Vegetable prices soar in Ras al-Ain markets, burdening low-income residents

Vegetable prices doubled in al-Hal market in Ras al-Ain, northwestern al-Hasakah - January 5, 2024 (Enab Baladi)

Vegetable prices doubled in al-Hal market in Ras al-Ain, northwestern al-Hasakah - January 5, 2024 (Enab Baladi)

A A A

Enab Baladi – Ras al-Ain

The markets in Ras al-Ain, northwest of al-Hasakah, are witnessing a surge in vegetable prices, reaching up to 100% in some varieties compared to the previous month.

The price hikes are affecting a large segment of the city’s population, which totals 115,000, amidst a low economic and living standard. The majority of residents work in agriculture or daily labor, earning a daily wage that does not exceed 30,000 Syrian pounds (around two US dollars).

The price per kilogram of tomatoes has reached 18,000 Syrian pounds, eggplants 14,000, potatoes and onions 12,000, and zucchinis 11,000.

Market vegetable leftovers

Azzam al-Sukhni, a daily wage worker in Ras al-Ain, expressed his frustration with the soaring vegetable prices, considering them unsuitable for the city’s laborers, who earn a daily wage of no more than 30,000 pounds, with the vegetable prices calculated for them in Turkish currency.

He clarified that the rise in vegetable prices has transformed them from an affordable commodity to an unattainable one, posing a burden on families, especially the impoverished and those with limited income.

Fatima al-Saman, a mother of five in Ras al-Ain, said that her family has been deprived of vegetables due to the price hike, having to go to the market at the end of the day to buy leftover vegetables because they are cheaper.

She explained that the leftover (old) vegetables are only suitable for immediate cooking and do not last even for a few hours.

Despite the lady’s fears regarding the impact of low-quality leftover vegetables on her family’s health, she is forced to cook them with no other option, as she told Enab Baladi.

Low sales and high fees

Malik Aziz, a vegetable shop owner in Ras al-Ain, stated that the surge in vegetable prices has adversely affected shop owners, leading to declining sales.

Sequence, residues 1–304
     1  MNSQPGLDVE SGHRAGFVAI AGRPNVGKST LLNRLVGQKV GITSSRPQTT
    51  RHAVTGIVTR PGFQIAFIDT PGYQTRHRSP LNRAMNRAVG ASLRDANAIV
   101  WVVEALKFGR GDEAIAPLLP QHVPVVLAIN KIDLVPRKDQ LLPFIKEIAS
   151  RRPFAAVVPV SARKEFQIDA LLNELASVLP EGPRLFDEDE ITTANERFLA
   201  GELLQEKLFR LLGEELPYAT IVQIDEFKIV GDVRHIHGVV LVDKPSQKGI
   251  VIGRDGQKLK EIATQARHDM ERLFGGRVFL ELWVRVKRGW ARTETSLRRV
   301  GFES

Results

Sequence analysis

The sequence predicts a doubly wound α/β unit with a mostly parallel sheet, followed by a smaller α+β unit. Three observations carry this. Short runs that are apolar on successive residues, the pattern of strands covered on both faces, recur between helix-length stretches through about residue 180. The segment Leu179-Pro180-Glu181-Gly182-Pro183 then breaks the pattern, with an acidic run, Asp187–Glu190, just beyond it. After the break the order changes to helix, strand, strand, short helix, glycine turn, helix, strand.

He told Enab Baladi that the shop used to sell no less than 900 kilograms of vegetables of various kinds daily in the summer, but currently, the sales do not exceed 100 kilograms in winter.

He added that shop owners purchase vegetables from traders in Turkish currency (1 US dollar equals 14,300 Syrian pounds and 29.77 Turkish lira) and sell them to residents in Syrian pounds, negatively impacting profit margins.

Aziz noted that it is the traders who determine vegetable prices, deeming the current prices to be excessively high, resulting in the loss of most of his customers.

Mazen Mekdad, a vegetable trader in Ras al-Ain, explained to Enab Baladi that the price hike is caused by the unavailability of locally grown vegetables in the winter season, prompting the area to rely heavily on imports from Turkey.

He stated that the cost of transportation, unloading, and Turkish customs fees reaching up to 200% contributes to the price surge.

Ras al-Ain and Tel Abyad are located between the Turkish border and the areas under the control of the Syrian Democratic Forces (SDF), with no official crossings between them. The Tel Abyad crossing between Turkey and Syrian territories is far from Ras al-Ain.

There are three currencies in Ras al-Ain, with the Syrian pound being the currency in circulation, but its unstable situation and unprecedented depreciation have burdened the residents. The second currency is the Turkish lira (not widely circulated) due to the city’s proximity to the Turkish border, and the third is the US dollar.

Ras al-Ain relies on vegetable cultivation during the summer season, including cucumbers, tomatoes, eggplants, and okra. Despite the importance of these crops, the absence of plastic greenhouses and official support presents an obstacle, given their high cost and the scarcity of expertise in their construction in the region.

It is worth noting that Ras al-Ain’s soil is suitable for cultivating various types of crops.

 

النسخة العربية من المقال

Related Articles

  1. Bread crisis hits Ras al-Ain, Shortages and exploitation of need
  2. Ras al-Ain: Three currencies complicate trade and exhaust the residents
  3. Ras al-Ain: Farmers sell cotton at a price lower than cost; “Interim Govt” not buying
  4. Despite price cuts, Paralysis in Ras al-Ain's phone market

Propaganda distorts the truth and prolongs the war..

Syria needs free media.. We need your support to stay independent..

Support Enab Baladi..

$1 a month makes a difference..

Click here to support